"Read these, Bethia," he said. "I left      to go, Abner waiting for him, Then f .        thee escape?" he asked, straightening               "My health has been better ever
 my glasses at home this morning, and           was discovered that a certain drug was        up in his chair and rubbing his eyes.            since, can now walk quite a distance
 ¦what with the wind in my eyes I could         missing in the medicine case and a visit         "Thee must have had a bad dream,              and am troubled no more with palpita-
 not even read the postmarks."                  to the drug store followed, and before        from thy talk and from the groaning              tion of the heart or bloating. I rec-
    Then he took off his broad-brimmed          they got started back almost half an          thee has been doing," smiled Bethia.             ommend your medicine to all sufferers
 hat and his heavy gray overcoat, and           hour had passed.                              "I was about to waken thee to attend to          from female troubles."
 sat down to enjoy the luxury of the                As they started toward Abner 's home      the chores when thee gave a kick that
 great wood Are that burned in the wide         a red glare shot up into the sky and          Nathaniel 'could not equal and groaned             It is hardly reasonable to suppose
 fireplace. It was a pleasant place to sit      grew brighter by seconds, until the           as if thee were in mortal agony, and             that any one can doubt the efficiency
 on a cold and windy evening, the low           tongues of a great fire were plainly          opened thy eyes."                                of Mrs. Pinkham's methods and medi-
 ceiling, the whitewashed walls and the         seen .                                           Abner began to realize that he had            cine in the face of the tremendous vol* .
 warmly-tinted rag carpet blending into             "There's a big fire out your way,"        fallen asleep before the Are and                 urne of testimony.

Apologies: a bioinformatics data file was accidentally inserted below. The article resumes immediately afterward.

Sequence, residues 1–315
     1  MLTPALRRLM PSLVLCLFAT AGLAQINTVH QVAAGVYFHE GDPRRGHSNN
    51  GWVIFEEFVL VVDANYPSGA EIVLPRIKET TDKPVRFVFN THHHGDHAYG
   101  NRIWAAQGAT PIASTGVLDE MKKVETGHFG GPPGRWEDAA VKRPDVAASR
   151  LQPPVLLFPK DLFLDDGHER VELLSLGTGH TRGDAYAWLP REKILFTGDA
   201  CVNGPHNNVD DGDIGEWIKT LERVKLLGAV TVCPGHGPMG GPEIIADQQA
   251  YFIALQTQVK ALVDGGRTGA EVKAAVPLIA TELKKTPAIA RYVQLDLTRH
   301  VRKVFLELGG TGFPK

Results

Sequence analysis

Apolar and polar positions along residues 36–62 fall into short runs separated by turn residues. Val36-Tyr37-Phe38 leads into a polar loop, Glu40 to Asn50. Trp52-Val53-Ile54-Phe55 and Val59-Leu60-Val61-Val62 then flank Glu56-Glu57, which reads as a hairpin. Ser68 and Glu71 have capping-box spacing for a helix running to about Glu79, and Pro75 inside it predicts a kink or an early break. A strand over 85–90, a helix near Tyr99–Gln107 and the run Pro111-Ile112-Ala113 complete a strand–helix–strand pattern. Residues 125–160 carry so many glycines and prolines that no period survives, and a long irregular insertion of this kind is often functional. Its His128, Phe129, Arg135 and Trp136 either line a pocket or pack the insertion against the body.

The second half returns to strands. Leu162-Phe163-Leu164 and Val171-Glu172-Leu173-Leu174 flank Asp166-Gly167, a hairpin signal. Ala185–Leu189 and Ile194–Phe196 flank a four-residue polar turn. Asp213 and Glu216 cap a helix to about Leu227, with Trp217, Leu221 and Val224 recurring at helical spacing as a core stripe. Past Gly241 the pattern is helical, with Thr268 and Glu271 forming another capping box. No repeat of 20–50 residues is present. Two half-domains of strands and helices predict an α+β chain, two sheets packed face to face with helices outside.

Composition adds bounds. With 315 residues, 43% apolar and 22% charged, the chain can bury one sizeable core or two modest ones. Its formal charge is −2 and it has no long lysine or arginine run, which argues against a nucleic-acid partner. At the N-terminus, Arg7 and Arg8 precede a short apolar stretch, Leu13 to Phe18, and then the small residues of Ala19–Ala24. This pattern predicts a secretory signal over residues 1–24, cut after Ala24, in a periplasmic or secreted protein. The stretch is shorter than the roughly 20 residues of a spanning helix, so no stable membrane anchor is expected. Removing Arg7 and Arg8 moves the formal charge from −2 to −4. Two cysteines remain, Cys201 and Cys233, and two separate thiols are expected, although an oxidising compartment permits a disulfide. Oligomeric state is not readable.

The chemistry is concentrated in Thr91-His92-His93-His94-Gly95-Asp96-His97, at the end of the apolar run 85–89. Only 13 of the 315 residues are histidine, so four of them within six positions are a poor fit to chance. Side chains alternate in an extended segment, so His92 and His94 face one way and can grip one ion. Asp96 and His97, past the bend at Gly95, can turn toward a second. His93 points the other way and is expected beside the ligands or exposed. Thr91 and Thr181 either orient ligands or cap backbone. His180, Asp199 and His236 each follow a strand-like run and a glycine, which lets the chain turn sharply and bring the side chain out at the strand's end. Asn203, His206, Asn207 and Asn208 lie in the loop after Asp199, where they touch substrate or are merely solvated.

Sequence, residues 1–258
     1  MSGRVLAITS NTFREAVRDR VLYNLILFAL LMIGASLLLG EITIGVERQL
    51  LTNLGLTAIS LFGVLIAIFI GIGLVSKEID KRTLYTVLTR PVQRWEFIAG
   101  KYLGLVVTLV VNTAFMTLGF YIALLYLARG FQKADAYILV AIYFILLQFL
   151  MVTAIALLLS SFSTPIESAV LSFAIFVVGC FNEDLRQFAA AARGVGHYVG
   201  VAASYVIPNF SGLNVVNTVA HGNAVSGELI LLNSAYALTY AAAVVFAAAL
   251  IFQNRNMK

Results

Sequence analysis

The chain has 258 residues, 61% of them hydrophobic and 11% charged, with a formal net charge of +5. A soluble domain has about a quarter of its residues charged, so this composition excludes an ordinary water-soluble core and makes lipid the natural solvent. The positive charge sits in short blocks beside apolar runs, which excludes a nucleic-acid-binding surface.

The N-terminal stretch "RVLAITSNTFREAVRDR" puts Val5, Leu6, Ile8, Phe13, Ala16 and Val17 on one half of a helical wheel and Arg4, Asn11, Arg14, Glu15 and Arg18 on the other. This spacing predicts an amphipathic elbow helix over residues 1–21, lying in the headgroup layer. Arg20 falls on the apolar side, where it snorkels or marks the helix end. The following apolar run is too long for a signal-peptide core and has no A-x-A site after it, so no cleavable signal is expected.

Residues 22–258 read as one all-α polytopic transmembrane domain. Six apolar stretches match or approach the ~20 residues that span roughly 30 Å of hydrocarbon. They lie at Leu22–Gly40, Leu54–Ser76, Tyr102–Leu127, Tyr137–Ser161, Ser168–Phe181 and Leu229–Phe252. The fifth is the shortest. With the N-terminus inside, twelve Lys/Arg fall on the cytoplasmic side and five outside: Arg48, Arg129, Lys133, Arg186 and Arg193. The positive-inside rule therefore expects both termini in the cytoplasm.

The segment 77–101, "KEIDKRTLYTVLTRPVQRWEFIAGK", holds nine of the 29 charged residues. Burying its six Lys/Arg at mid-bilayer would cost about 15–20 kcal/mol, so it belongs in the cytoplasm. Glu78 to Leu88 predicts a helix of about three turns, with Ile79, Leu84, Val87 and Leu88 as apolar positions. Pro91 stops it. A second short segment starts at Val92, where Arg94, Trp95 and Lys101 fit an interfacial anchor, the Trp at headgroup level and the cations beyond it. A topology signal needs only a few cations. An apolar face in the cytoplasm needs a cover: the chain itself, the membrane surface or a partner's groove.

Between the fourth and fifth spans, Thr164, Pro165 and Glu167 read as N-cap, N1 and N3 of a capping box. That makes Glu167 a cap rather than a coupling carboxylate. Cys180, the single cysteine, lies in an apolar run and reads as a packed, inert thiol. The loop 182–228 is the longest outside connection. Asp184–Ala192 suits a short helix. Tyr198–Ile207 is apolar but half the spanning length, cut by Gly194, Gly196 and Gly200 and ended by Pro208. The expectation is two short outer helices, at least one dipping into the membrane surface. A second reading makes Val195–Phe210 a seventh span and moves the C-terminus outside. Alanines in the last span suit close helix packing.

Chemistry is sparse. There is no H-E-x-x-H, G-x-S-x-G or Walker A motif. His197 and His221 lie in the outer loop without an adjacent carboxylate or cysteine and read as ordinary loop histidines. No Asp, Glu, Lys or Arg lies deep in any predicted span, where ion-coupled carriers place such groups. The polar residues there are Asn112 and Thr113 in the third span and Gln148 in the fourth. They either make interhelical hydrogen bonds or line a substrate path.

a harmonious whole as completely as if          said the doctor. "Can't be your place,       dreamed of his dreadful disaster, but he
 some decorator had originated the              can it?"                                      was not an emotional man. He de-
 scheme of the room.                                "I fear it is," said Abner in an agi-     liberately put on ' his hat and coat and
                                                                                              prepared to go to the barn , looking
    "John and Charity send us word," an-
 nounced Mrs. Hollingsworth after glanc-
                                                tated tone, hurrying forward. It was
                                                not long until they could assure them-        carefully to his lantern as he lighted it.       HOME MADE CHRISTMAS GIFTS,
 ing through the letters, "that the holi-       selves that Abner's barn was on fire and      Pausing at the door, he said:
                                                                                                                                               Book of Instructions for Art and Fancy
 days will begin a week earlier than             they hastened .on as fast as they could         "Bethia, do thee get supper as quickly                    Work Sent Tree.
 usual this year and that we may even            go, younger men from the village pass-       as thee can, and pack up what thee
 look for them home today or tomorrow            ing them as the alarm spread.                thinks would be needed by Joseph Mar-              It Is remarkable how much can be done In the way
 at latest."                                        The wind had been increasing as the       tin's family, and we will go to see him         of home made Christmas presents at a small expense,
                                                                                                                                              with the aid of Diamond Dyes In "Fancy Work and
    Abner was slowly counting a roll of         night deepened , and by the time Abner        this evening."                                  Art Decorations," b Mrs. Daggett, Editor of Tht
 bank notes by the lignt of the Are, and         got home his barn was a ruin and his            "I knew thee would feel like helping         Borne, ihere are some fifty illustrations of dollies ,
 for a moment he did not look up.               house, which stood to the leeward of the      him," said Bethia , although she was            table covers, scarfs, pin cushions, etc., that have
                                                barn , was a mass of roaring flame .          never more astonished in her life. But          been made by using diamond dyes. Complete In-
    "It gives me joy to hear that," he                                                                                                        structions are given In this book for making these
 said at last, folding the bills and care-      Nothing could be done to save the             she was a woman and Abner was her               various articles. It will be of great value to anyone
 fully replacing them in his ample               buildings, and as he saw them burning        husband.                                        In preparlng Cbrlstiuas presents , and Is sent free to